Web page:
City is not a public restroom
This is regarding the gentleman who wrote a column in Sunday’s Voices section. He was advocating that the city allow the homeless to “camp” in our public parks. Apparently he has not had the pleasure of finding a pile of human excrement in one of these parks, as I have. Just where are these campers supposed to go when nature calls?
The city just broke up a large homeless encampment on the bank of Arroyo Burro Creek at Hendry’s Beach. When we have the first big rain storm, and the creek level rises, their latrine will be washed out onto the beach and into the ocean. May I suggest that the author and his family go put their beach chairs in the sand the next day. Enjoy yourselves!
Racism in Santa Barbara
We are an immigrant family, with my wife and two sons born in the Philippines. My sons, ages 3 and 4, have been given citizenship; my wife has a permanent resident visa and awaits her chance. She followed our guidelines for her visa, submitting documents from law enforcement in the Philippines attesting to the fact that she has never committed a crime or misdemeanor, and submitting further to medical examinations and vaccinations that ensure that she is healthy upon entrance to our country. She is a hotel and restaurant management graduate of an accredited college in the Philippines, but cannot find a job here because she speaks no Spanish.
Immigrants who do speak Spanish are treated to free English classes, with free child care, that are subsidized by the taxpayer so that they can get jobs in the hotels and restaurants. But as a noncitizen, my wife pays a high price for Spanish classes so that she can be considered for the jobs. If this is not racism, what is it?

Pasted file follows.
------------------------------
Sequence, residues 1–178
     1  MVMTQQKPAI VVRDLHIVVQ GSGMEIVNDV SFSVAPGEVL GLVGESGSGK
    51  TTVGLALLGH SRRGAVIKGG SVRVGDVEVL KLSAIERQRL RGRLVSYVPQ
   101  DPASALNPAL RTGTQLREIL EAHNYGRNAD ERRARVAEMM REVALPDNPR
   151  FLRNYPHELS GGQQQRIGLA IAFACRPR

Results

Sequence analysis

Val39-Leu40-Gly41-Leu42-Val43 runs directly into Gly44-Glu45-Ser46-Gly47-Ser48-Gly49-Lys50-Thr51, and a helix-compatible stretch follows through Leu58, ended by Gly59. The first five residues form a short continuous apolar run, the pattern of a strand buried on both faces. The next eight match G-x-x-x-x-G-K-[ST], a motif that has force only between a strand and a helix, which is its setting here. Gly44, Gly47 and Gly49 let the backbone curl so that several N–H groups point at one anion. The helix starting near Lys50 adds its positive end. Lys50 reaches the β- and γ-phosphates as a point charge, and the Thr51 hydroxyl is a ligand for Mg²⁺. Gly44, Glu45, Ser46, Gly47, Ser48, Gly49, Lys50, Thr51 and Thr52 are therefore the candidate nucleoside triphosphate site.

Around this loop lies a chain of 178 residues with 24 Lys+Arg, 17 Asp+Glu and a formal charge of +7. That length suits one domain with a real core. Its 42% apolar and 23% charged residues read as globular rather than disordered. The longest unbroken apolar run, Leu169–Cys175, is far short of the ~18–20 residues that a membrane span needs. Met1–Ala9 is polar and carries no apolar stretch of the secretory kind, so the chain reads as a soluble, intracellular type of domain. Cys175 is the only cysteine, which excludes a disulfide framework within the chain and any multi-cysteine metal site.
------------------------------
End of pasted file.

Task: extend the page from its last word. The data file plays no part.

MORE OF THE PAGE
Rowland Lane Anderson
A picture of the homeless
Thousands living homeless in L.A.; millions living homeless in the U.S. … the picture is the same everywhere. Why don’t wealthy landowners donate land and the wealthy donate money to build thousands of small houses in thousands of communities around the country? This would alleviate some of the problem that the rich are always complaining about. It is greed and housing shortages that are causing the problems — not only for the poor, but for everyone. Check the prices of rents lately?
Consider yourself warned
If the cannabis folks are going to claim the world is a better place with pot, then at least put some warning labels on the weed packages. If they haven’t figured it out yet, willingly holding smoke from a joint in your lungs for a few minutes, day after day, may not be such a good idea. Even if it makes them giggle.
Put a cap on cannabis sprawl
Vintners, farmers, and residents want to stop large outdoor cannabis grows in the Santa Ynez Valley. Applications are being appealed for Busy Bee (22 acres), Santa Barbara Westcoast (50 acres), Santa Rita Valley Ag (37 acres), and Castle Rock (23 acres). All are huge (a football field is 1.3 acres), and concentrated two miles outside Buellton.
So what’s wrong with big, concentrated grows? Size and concentration increase impacts. Pot growers threaten to sue vintners for using fungicide, skunky smell closes tasting rooms, food farmers are afraid to use organic pesticides, residents complain about odor, and valley tourism is hurt.
There’s peace in other counties. Only 12 of California’s 59 counties allow outdoor cultivation; of those 12, 11 have limits on number of acres per parcel for growing pot. Humboldt limits cannabis to 1 acre per 100 (8 acres maximum); SLO, 3 acres; Santa Cruz and Contra Costa, 2; Alameda, Lake, Trinity, Yolo and Sonoma, 1; Imperial, one half acre; Mendocino and Monterey, one-quarter acre. Santa Barbara County is the only one with no limits.
Counties that limit grow size haven’t stifled the industry; they’ve just kept it local. Mendocino and Monterey, each with a quarter-acre caps, have 12 percent and 10 percent, respectively, of the state’s temporary cannabis cultivation licenses. Santa Barbara has 29 percent, with lots of out-of-town owners.
Some cannabis growers tout how Sonoma County has avoided conflicts between weed and wine. Good idea. Let’s follow Sonoma’s lead and cap cannabis grows at 1 acre per parcel.